Label drinking – the practice of consuming lavishly expensive wines with famous names or brands – is generally felt to be a bit naff amongst true wine connoisseurs. After all, anyone with enough money can walk into a restaurant and exclaim “bring me a bottle of your finest Pétrus”. It takes a lot more knowledge and cunning to figure out that the lowly Canon Fronsac costing less than the tax on the big P might actually be a more interesting wine.
That said, icon wines are usually beneficial to their peers – their clout rubs off, and they help put regions on the world wine map. Would Ribera del Duero be as well loved today without Vega Sicilia and Pingus, or Napa minus Screaming Eagle? They also provide a barometer reading for the status of a wine region – Languedoc before and after Mas de Daumas Gaussac was a different animal, as no-one had previously seen France’s huge Southern hinterland as much other than a source of cheap bulk wine. Not to mention that a Languedoc wine might fetch super premium prices.
On this basis, Portugal’s Douro region is still in its nappies when it comes to non-fortified wines – an increasingly important sector, but a relatively new one. To date, the Douro’s only cult “still” wine is probably Barca Velha, the creation of Casa Ferreirinha in 1952. Today, a bottle of one of the mere 17 vintages produced will set you back around $300.
64 years is a long time even in the wine world, but there might finally be a challenger. Quinta da Boavista has just released the first vintage of four red wines which are politely but firmly positioned in the “icon” space. The estate has been passed around a bit. Previously one of the more famous Port estates in Cima Corgo (generally thought of as a the highest quality sub-region), it was owned by Offley Forrester and then acquired by Sogrape in the 1990s. The Lima Smith partnership then bought the property in late 2012, shortly after purchase of Quinta da Covela.
Not content with that, they then went and hired Jean-Claude Berrouet, previously winemaking consultant to Moueix (Pétrus et al) for 44 years, to help them make the wines. A bold statement, in as much as it made clear that port wines were no longer to be the focus.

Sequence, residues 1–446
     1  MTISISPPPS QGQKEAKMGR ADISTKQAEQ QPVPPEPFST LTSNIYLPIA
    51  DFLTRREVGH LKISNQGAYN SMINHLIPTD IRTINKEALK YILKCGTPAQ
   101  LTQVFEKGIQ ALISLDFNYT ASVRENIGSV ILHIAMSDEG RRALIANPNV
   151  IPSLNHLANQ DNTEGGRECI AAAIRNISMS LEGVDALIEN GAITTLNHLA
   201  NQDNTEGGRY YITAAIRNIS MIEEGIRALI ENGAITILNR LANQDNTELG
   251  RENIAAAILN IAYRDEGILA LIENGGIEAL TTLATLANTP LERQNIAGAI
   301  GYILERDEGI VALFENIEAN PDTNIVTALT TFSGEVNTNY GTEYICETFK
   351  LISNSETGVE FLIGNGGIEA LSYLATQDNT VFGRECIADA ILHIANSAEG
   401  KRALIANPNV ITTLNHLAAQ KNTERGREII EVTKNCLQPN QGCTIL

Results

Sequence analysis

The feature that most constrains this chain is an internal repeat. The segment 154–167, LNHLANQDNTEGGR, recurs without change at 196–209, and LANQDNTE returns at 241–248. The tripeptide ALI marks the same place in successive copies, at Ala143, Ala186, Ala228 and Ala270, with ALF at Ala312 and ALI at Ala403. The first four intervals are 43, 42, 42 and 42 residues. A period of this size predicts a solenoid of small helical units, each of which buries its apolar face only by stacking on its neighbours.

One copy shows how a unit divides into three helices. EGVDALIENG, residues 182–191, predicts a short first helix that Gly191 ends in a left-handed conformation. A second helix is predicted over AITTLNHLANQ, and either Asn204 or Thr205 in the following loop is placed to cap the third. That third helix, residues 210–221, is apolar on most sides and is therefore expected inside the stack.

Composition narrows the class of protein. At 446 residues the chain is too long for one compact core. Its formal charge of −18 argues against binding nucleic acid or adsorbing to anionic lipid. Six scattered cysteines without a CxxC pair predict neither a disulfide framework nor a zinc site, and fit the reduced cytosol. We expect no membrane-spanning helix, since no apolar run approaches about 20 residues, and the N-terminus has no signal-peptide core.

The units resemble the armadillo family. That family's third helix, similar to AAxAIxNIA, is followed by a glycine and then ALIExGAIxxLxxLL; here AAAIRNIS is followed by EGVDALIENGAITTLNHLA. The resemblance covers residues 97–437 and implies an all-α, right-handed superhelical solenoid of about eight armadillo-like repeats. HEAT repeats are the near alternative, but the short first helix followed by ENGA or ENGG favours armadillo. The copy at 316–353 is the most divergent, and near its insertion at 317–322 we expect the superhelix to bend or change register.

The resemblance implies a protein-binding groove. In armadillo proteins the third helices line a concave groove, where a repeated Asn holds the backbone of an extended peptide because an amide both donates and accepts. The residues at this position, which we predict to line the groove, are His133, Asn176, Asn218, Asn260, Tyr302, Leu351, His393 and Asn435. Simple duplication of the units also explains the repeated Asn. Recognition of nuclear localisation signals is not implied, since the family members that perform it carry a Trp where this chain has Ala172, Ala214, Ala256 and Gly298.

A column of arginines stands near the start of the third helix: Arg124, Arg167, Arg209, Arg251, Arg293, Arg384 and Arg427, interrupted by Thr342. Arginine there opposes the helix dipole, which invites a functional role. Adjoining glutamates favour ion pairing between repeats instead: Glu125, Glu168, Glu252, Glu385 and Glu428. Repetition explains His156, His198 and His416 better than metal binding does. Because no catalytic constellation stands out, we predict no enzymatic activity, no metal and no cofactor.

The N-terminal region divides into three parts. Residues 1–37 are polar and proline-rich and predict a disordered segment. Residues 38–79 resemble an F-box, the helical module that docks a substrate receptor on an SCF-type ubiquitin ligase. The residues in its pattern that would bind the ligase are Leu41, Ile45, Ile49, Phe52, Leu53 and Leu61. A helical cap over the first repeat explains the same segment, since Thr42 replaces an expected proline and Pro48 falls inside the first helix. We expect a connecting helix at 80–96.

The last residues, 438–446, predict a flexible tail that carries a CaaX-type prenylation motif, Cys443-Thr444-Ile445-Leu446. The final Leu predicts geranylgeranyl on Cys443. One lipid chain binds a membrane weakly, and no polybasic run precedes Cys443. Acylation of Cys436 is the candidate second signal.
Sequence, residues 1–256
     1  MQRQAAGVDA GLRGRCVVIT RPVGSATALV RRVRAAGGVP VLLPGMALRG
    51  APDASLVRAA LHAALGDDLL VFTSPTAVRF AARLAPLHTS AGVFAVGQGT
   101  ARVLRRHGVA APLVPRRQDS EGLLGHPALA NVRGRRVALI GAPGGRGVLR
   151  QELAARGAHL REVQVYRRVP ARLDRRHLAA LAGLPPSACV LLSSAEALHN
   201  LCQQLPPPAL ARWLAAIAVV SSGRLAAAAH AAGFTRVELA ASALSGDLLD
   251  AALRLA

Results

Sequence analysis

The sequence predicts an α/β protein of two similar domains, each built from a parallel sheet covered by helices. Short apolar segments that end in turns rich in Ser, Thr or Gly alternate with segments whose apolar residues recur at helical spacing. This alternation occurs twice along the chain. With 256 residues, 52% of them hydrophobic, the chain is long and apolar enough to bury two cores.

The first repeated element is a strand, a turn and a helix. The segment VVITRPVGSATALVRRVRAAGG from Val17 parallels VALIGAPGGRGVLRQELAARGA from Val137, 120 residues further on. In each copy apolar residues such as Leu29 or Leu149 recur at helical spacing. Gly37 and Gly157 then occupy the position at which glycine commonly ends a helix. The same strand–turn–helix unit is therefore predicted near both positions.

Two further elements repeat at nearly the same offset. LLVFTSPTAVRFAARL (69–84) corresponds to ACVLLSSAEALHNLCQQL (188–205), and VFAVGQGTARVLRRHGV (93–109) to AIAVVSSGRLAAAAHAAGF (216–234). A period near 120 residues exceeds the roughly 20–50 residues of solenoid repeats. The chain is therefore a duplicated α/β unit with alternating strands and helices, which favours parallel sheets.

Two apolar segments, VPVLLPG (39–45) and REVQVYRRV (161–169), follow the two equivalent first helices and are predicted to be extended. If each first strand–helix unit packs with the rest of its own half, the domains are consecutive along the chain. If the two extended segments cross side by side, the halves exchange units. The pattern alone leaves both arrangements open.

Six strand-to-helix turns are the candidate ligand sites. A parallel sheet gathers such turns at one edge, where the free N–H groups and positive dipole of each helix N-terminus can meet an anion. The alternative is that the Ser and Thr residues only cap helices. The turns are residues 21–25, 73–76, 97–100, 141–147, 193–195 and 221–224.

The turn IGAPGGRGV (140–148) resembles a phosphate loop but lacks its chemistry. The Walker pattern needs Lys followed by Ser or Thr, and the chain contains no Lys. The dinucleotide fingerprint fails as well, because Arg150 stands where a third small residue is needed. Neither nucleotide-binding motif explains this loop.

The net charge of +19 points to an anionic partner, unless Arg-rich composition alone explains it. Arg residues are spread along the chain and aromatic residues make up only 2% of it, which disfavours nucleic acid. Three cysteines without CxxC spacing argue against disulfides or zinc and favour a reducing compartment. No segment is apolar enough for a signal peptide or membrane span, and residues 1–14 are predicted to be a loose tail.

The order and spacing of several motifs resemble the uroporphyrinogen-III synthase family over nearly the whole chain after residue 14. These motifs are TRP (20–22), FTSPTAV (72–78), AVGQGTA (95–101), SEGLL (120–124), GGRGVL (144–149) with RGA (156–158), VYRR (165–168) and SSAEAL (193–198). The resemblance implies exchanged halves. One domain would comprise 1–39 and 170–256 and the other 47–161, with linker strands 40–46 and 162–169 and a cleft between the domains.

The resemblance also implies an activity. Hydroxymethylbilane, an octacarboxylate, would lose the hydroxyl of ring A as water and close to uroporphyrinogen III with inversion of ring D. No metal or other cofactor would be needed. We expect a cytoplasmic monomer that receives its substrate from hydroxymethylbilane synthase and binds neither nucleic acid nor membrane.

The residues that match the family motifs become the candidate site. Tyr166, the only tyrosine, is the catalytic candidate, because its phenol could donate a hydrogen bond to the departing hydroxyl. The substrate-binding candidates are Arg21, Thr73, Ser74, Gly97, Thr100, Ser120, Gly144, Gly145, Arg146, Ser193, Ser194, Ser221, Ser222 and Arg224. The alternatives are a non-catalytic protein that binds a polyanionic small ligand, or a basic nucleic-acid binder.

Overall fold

The vineyards are formidable even by Douro standards, with Oratório’s stone walled terraces towering up to 9-10 meters high in some places. This is a terrain that looks like it was made for giants – in fact it’s so challenging for mere mortals that there are no proper access roads, meaning horses are used in place of tractors to do the vineyard work.
So much for a good story – what about the wines? The “entry level” pair have the branding “Boa Vista”, with a 100% varietal that was Touriga Nacional in 2013, but could be whatever else the winery feels has done well in future years – in 2013 it’s lithe and elegant, with pin sharp blackberry and redcurrant fruit. Boa Vista Reserva 2013 is a blend that sees some barrique action, unlike the Touriga Nacional which was aged in 500 litre casks. Of all these wines, the Reserva felt most like it had some work to do before the oak integrated. That said, it’s creamy and plush, with attractive spiced plum fruit.
The two single vineyard wines are are bottled under the “Quinta da Boavista” brand, and here we are into icon pricing, with a recommended retail price of around €100 in Portugal. Are they worth it? Certainly, if you have the money to spend. Considering the tiny yields from century old vineyards, and the seriously challenging vineyard conditions, these are not cheap to produce.
Both wines have a kind of finesse and seductiveness that feels very French to me. Jean-Claude Berrouet has definitely left his mark, but in a subtle way. Even more impressive is the deftness of the oak integration, despite the fact that the estate had to purchase 100% new barrels for the virgin 2013 vintage.
Vinha do Oratório 2013 has bright fruit and tension, a perfumed raspberry nose, hint of woodsmoke, crushed rocks and a very firm handshake. Vinha do Ujo 2013 is more strident, and feels like it could use more time in the bottle. That said, this may well end up being the most sensational of all – there are thrillingly complex herbal, cassis and dark chocolate notes that reminded me of Mencia (or Jaen as its known here). The 100 year old vineyard was of course co-planted, so it’s difficult to say exactly what is in the blend.
These are wines that came from good homes – they were sent to expensive schools, primped and coifed for their Sunday best. But they have retained something quintessentially “Douro”, in the fruit character, the boldness and structure. In that respect the partnership between Lima Smith’s house winemaker Rui Cunha and Berrouet appears to have paid off handsomely.
It’s too early to say whether Boavista will join Barca Velha as one of Portugal’s true wine icons, but this ambitious project shows that in more ways than one, the Douro is hot.
I was the guest of Quinta da Boavista, who opened samples of the finished wines for me to taste. All photos are courtesy of Lima Smith Quinta da Boavista.